• A number of peppermint traditional remedies are supported by both in vitro and clinical research on the whole plant and one of its main phytochemicals, menthol (a secondary alcohol produced by the herb). Peppermint oil (obtained via steam distillation from the fresh aboveground parts of the flowering plant), for example, is one of the most widely used complementary and alternative medicine therapies for irritable bowel syndrome and indigestion (1). Peppermint oil acts to reduce gastrointestinal smooth muscle motility, possibly by acting as a calcium channel antagonist (2;3). It is also commonly used for pediatric digestive problems (4).
  • Peppermint is also commonly employed in the food and pharmaceutical industries for its cooling and soothing properties as well as for its scent (5) and flavor. Other applications with potential include as a spasmolytic during endoscopic procedures, and for the soothing of symptoms associated with respiratory infection and distress.
  • The United States is a principal producer of peppermint and peppermint oil. The oil is available as bulk herb oil, enteric-coated capsules, soft gelatin capsules, and in liquid form. The largest consumers of peppermint oil are manufacturers of chewing gum, toothpaste, mouthwash, and pharmaceuticals.
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Dosing/Toxicology

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Precautions/Contraindications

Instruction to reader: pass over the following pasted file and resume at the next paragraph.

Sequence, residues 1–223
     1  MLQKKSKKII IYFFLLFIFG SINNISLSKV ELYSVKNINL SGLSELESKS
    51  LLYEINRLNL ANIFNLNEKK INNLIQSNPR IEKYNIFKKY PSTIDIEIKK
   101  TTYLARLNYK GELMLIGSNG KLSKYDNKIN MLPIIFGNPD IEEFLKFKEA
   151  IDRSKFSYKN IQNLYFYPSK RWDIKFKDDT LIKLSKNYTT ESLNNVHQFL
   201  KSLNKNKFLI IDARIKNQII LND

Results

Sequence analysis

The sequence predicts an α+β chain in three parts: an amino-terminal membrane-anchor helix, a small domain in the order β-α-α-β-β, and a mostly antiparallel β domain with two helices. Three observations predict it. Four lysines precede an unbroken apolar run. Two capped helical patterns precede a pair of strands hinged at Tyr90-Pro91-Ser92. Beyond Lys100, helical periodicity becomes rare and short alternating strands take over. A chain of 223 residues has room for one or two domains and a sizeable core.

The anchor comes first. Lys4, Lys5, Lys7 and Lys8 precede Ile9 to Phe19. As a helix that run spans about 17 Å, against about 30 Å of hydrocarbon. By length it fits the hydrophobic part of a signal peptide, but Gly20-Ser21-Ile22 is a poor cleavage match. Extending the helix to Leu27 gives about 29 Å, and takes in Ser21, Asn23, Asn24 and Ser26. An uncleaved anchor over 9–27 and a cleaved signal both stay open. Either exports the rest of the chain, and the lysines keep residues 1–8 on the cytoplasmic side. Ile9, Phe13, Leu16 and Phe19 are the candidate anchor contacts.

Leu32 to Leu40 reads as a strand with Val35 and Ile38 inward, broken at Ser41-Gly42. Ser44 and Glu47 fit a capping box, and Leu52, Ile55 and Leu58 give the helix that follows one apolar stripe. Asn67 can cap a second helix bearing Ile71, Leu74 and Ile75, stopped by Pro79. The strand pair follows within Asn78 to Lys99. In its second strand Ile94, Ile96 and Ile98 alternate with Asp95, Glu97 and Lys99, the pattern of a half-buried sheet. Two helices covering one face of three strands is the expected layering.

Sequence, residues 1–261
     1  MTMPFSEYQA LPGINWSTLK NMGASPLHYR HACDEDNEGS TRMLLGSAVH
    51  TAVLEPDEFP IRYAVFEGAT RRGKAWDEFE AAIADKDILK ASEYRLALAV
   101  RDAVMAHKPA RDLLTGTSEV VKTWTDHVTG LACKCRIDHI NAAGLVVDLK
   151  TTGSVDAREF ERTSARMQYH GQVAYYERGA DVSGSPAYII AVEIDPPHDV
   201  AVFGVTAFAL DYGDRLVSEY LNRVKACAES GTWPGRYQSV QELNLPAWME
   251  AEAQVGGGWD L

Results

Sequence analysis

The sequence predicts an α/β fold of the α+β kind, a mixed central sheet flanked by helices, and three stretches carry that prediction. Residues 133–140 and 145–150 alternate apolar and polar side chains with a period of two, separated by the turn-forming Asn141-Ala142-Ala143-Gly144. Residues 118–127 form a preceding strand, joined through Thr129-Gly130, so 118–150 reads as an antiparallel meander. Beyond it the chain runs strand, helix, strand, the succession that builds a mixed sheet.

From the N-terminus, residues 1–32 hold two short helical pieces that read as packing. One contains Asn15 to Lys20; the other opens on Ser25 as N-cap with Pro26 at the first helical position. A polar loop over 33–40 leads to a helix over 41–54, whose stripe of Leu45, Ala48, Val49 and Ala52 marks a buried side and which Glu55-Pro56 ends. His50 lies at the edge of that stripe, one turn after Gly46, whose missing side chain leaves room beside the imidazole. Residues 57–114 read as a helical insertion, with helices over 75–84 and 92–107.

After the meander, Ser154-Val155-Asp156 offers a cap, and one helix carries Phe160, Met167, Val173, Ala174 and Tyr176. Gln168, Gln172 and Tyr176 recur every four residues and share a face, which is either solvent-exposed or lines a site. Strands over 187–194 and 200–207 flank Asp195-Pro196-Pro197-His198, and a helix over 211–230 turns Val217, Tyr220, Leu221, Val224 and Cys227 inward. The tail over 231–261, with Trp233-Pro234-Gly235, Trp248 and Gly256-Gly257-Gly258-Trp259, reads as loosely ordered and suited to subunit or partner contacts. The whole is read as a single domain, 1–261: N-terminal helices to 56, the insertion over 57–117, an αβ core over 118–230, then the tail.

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Interactions

Most herbs and supplements have not been thoroughly tested for interactions with other herbs, supplements, drugs, or foods. The interactions listed below are based on reports in scientific publications, laboratory experiments, or traditional use. You should always read product labels. If you have a medical condition, or are taking other drugs, herbs, or supplements, you should speak with a qualified healthcare provider before starting a new therapy.

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Mechanism of Action

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History

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Evidence Table

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Evidence Discussion

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Products Studied

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References

Natural Standard developed the above evidence-based information based on a thorough systematic review of the available scientific articles. For comprehensive information about alternative and complementary therapies on the professional level, go to www.naturalstandard.com. Selected references are listed below.

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The information in this monograph is intended for informational purposes only, and is meant to help users better understand health concerns. Information is based on review of scientific research data, historical practice patterns, and clinical experience. This information should not be interpreted as specific medical advice. Users should consult with a qualified healthcare provider for specific questions regarding therapies, diagnosis and/or health conditions, prior to making therapeutic decisions.